In only his second-ever televised speech to the public, Japan's emperor strongly hinted at a desire to leave the throne.
Akihito became emperor in 1989. The 82-year-old said Monday, "When I consider that my fitness level is gradually declining, I am worried that it may become difficult for me to carry out my duties as the symbol of the state with my whole being."
While the emperor says he's healthy now, he's had prostate cancer and heart issues in the past.
But it could take years for Akihito to actually abdicate the throne. There's currently no legal process for an emperor to step down in Japan, and a law would have to be amended for him to do so.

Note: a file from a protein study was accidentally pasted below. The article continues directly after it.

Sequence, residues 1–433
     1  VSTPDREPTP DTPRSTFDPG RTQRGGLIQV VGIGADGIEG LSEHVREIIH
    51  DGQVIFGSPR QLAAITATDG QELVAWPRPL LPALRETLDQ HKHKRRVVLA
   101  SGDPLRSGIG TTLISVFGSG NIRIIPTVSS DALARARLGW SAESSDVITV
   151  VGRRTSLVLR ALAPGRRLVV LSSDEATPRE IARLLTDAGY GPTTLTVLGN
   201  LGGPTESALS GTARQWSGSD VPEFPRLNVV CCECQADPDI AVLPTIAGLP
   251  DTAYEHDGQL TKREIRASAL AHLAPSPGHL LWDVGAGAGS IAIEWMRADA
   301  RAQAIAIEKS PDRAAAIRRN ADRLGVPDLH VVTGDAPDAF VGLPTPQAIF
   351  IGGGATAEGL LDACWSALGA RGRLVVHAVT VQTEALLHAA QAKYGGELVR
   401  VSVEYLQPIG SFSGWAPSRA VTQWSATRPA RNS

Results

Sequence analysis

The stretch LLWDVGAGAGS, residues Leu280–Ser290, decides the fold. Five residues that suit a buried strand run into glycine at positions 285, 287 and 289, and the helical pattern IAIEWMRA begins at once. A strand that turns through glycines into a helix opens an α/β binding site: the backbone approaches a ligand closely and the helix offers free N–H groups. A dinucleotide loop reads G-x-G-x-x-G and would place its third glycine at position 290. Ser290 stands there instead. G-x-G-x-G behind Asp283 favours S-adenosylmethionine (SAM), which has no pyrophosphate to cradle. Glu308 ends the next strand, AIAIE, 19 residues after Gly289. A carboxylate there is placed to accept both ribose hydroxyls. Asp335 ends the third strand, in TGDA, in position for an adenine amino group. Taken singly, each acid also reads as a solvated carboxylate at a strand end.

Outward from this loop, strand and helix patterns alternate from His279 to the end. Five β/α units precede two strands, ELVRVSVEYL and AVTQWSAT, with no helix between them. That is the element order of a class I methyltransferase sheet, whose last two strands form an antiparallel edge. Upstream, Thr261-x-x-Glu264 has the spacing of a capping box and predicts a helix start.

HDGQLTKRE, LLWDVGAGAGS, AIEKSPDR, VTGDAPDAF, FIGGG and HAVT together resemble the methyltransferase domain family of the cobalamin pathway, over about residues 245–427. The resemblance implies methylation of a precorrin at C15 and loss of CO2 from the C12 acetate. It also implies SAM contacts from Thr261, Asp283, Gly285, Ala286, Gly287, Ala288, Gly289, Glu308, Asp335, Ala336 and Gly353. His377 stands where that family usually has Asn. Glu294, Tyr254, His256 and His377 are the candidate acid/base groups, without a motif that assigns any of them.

The emperor can't ask for the law to be amended, though, because the constitution imposed by the U.S. at the end of World War II forbids emperors from political speech.
A recent survey found more than 85 percent of Japanese citizens believe changes should be made to allow an emperor to legally abdicate the throne.
If Akihito did step down, it would be the first time an emperor did so since 1817. Fifty-six-year-old Crown Prince Naruhito is next in line for the throne.